UniteGPS – Seeing how New Jersey lawmakers recently drafted a bill to allow 18-year-olds behind the wheel of school buses, it may only be a matter of time until other states start to pursue similar legislative changes. Yet Louisiana transit leaders are wary about the potential legal and safety complications based on the proposal.
On March 24 UniteGPS CEO Chris Bunnell spoke at the Louisiana Transportation Directors Conference where he discussed the idea of reintroducing a former 1950s policy allowing high school students to operate buses. A UniteGPS member then followed up with past and former conference attendants to hear their opinions about changing the age requirements.
As you’re about to read, while not exactly radical or unrealistic, all of these individuals were hesitant about placing such responsibility on teenagers’ shoulders.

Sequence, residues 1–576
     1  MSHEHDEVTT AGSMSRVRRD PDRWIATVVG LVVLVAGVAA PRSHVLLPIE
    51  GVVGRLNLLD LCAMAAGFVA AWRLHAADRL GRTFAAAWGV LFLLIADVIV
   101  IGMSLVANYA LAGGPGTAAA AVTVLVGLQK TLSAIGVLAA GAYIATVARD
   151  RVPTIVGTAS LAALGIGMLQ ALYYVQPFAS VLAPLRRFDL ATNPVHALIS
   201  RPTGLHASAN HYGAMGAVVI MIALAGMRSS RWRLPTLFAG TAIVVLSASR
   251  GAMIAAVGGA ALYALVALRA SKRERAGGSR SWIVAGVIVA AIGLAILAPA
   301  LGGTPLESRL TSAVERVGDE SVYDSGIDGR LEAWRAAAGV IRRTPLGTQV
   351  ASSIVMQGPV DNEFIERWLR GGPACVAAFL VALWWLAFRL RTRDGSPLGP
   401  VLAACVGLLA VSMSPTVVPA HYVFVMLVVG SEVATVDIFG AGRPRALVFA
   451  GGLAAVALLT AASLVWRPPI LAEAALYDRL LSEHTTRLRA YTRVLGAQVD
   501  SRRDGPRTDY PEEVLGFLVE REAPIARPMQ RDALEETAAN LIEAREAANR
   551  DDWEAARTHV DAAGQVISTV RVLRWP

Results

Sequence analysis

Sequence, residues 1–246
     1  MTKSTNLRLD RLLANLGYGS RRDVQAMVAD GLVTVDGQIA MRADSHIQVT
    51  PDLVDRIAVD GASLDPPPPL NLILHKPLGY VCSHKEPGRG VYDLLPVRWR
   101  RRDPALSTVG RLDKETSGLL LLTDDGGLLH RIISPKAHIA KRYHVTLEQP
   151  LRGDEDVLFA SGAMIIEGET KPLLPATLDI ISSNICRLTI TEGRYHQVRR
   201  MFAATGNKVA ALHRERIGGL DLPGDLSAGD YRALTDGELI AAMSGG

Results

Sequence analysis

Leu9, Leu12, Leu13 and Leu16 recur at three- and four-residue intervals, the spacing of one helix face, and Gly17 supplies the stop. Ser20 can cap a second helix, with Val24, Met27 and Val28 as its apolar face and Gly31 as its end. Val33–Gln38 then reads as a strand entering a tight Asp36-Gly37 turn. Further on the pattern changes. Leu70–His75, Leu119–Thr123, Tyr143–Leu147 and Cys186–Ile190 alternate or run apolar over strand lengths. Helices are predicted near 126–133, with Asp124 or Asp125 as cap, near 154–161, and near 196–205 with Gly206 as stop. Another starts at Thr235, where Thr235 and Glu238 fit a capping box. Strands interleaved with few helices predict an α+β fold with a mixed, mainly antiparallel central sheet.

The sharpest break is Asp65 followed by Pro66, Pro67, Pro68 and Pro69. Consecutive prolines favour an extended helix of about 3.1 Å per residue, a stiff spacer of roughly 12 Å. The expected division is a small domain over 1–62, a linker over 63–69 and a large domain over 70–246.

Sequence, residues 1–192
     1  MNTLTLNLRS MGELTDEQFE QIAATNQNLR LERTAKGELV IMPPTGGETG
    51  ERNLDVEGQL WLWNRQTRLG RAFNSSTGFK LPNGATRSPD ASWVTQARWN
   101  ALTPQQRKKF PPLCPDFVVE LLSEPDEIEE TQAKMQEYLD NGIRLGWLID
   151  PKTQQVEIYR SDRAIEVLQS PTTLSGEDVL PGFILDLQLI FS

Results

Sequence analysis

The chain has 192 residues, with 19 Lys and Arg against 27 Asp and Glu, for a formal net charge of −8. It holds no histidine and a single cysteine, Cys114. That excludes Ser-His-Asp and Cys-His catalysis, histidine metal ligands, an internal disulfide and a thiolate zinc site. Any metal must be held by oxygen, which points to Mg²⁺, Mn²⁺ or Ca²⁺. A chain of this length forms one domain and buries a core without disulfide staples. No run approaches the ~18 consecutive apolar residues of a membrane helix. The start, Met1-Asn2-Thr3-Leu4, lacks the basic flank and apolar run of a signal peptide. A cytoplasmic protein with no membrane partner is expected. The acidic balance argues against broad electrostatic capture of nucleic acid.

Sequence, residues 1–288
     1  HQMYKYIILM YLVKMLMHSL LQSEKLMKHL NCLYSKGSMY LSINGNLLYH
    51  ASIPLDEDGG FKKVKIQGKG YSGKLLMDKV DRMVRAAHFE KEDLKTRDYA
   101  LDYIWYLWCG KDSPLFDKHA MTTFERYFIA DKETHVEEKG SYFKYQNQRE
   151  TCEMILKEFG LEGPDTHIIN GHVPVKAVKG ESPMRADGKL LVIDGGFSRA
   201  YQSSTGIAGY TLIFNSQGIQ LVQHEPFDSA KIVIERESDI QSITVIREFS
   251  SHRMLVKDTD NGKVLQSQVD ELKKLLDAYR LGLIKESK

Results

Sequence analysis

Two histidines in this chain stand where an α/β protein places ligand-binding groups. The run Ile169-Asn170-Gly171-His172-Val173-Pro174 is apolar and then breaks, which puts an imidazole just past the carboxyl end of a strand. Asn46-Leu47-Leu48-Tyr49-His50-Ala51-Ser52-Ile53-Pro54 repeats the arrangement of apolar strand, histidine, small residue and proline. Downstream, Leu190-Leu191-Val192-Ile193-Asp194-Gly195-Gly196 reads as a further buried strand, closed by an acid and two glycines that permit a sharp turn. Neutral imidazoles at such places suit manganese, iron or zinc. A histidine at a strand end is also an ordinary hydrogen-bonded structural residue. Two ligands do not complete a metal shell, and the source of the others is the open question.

Insurance issues according to Louisiana transit leaders
Like other states, Louisiana technically allows 18-year-olds to obtain a CDL. What’s preventing them from legally driving school buses, however, is specific legislation enforcing the minimum age to 21. Moreover, there is a slew of insurance and liability dilemmas, such as those held by Julie Ginart.
“My number one concern would be how expensive insurance is for that age group,” said the transportation supervisor from St. Bernard Parish Public Schools in a recent message to UniteGPS. “If something were to happen on that bus, our liability would be more than it is with current drivers, who have to be 21 years or older.”